OACS looking to publish new test result guidelines
Delegates at the recent Ontario Alliance of Christian Schools (OACS) spring learning conference had the opportunity to attend a workshop on the Canadian Test of Basic Skills (CTBS) to learn how schools are performing and ways to use the results.
Hugo Marcus, the OACS director of curriculum publications, facilitated the workshop.
“I wanted to demonstrate that the results from 2000 to 2008 have been consistently strong and I wanted to demonstrate what they can do with the data that they have at the local school level,” says Marcus.
Marcus gave a PowerPoint presentation titled “How Well Are We Doing?” that highlighted test results from OACS schools, followed by a discussion.
CTBS testing measures student performance in six areas of academic skills — vocabulary, reading, language, mathematics, science and sources of information — and then provides a composite score. OACS member schools are on a biannual cycle for completing the test.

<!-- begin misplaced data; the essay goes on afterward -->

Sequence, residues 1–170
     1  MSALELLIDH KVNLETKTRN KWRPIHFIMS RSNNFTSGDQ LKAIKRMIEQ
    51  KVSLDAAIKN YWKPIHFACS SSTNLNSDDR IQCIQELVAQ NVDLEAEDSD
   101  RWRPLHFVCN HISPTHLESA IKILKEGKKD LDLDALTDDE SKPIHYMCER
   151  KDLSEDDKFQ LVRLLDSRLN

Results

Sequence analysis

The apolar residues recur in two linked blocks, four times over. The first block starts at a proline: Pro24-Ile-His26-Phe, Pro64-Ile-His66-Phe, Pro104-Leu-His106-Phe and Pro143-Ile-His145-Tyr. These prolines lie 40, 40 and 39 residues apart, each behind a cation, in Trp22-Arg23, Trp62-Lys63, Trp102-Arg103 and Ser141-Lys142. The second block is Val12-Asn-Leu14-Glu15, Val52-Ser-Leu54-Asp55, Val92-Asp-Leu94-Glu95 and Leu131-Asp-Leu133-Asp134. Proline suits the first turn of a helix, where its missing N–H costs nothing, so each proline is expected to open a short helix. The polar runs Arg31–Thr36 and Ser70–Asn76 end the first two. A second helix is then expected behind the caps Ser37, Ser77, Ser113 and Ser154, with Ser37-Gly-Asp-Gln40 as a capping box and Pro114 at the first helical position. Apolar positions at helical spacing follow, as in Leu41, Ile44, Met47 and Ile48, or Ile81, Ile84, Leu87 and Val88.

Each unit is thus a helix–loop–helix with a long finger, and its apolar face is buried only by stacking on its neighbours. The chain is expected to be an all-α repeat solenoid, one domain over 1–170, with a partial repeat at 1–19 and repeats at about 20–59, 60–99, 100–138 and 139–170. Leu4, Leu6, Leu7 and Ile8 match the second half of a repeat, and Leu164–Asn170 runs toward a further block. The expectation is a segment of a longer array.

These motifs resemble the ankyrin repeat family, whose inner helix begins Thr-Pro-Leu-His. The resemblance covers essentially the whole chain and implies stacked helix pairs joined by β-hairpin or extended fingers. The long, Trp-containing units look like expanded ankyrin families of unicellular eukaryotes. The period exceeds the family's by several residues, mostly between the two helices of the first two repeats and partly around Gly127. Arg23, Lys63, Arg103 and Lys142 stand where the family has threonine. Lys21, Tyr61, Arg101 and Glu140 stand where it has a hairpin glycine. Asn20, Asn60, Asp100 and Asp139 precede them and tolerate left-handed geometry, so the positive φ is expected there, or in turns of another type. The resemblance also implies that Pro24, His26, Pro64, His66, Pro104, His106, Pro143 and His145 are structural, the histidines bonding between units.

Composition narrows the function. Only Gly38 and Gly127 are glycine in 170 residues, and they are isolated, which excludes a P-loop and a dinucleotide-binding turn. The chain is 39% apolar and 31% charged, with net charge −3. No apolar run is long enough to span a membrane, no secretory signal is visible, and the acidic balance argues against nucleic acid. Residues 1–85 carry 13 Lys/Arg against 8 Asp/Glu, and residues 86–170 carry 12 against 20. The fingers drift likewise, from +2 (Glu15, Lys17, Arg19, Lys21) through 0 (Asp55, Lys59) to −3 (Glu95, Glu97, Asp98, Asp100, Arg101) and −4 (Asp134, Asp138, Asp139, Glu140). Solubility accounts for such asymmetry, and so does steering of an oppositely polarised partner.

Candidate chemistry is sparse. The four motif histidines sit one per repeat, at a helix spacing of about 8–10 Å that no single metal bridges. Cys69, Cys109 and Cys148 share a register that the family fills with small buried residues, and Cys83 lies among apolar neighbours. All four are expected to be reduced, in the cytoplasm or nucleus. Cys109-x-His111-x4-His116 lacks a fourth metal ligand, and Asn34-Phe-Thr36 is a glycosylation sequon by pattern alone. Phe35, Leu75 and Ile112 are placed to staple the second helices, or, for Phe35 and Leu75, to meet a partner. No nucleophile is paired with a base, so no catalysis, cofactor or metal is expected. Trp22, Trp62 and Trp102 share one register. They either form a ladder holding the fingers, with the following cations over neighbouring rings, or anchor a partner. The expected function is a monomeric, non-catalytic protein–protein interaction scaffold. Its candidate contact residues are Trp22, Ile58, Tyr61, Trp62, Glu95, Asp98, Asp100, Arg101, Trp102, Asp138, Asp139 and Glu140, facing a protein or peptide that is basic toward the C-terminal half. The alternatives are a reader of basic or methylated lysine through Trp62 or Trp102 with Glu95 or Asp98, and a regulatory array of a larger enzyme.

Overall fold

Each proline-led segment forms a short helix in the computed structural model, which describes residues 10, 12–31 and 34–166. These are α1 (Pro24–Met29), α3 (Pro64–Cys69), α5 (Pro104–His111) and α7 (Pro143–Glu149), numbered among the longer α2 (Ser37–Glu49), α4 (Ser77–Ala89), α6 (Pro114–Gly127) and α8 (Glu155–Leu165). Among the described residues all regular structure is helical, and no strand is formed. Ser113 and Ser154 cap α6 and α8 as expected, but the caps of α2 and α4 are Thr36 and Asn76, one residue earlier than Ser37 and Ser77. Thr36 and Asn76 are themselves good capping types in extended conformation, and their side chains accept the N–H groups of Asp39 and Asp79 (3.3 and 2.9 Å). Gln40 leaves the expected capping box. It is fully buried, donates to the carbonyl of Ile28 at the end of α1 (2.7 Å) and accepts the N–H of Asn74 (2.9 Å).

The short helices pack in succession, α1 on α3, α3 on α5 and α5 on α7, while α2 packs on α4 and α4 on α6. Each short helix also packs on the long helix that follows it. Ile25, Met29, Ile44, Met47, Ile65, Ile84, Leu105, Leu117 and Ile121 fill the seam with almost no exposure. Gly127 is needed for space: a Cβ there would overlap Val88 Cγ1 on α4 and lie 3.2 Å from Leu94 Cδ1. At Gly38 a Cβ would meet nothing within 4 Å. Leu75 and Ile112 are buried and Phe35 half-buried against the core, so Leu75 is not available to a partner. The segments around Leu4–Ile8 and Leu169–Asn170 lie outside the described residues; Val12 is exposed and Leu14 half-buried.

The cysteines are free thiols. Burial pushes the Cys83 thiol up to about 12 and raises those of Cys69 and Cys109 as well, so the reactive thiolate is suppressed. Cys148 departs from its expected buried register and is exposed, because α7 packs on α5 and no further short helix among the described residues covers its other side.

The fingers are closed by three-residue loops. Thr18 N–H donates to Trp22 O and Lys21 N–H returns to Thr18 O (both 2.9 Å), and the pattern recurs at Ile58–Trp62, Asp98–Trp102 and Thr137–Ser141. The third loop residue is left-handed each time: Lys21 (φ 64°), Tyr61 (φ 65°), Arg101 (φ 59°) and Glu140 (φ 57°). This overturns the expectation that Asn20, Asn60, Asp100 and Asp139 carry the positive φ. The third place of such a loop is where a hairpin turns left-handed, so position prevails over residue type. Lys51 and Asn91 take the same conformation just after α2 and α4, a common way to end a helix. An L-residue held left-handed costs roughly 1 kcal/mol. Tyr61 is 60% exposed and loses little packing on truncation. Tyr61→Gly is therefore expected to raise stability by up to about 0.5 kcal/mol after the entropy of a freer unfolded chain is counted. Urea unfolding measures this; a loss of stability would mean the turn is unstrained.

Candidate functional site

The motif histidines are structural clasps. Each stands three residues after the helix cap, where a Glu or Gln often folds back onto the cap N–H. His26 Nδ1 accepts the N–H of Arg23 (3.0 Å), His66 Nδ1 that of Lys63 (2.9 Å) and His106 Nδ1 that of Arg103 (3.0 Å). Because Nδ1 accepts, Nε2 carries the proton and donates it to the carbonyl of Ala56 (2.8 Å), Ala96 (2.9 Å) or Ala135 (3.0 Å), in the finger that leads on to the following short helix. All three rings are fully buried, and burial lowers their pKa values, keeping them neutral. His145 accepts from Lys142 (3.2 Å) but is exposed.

A benefit from the workshop was a heightened recognition of the need for schools to communicate their best practices in standardized testing delivery, says Marcus.
“There are some pretty good practices that schools are doing that we need to share with each other, whether it’s preparation, whether it’s administration, whether it’s follow-up, whether it’s reporting — what are the best practices that schools have and that we can encourage other schools to do,” he says.
The OACS will be publishing a document or handbook outlining how schools can use the test results and best practices. The organization now has over 10 years of results that can be compared, as well as male and female breakdowns.
The last time the OACS published a major booklet on the CTBS was in 2002, says Marcus. Having a booklet helps schools to interpret their own data and validate the test completion, he notes.
Marcus says the workshop group had very positive feedback regarding the publishing of the booklet and guidelines.
“We are planning to work on putting something together so schools can use CTBS results more effectively at the local level,” says Marcus.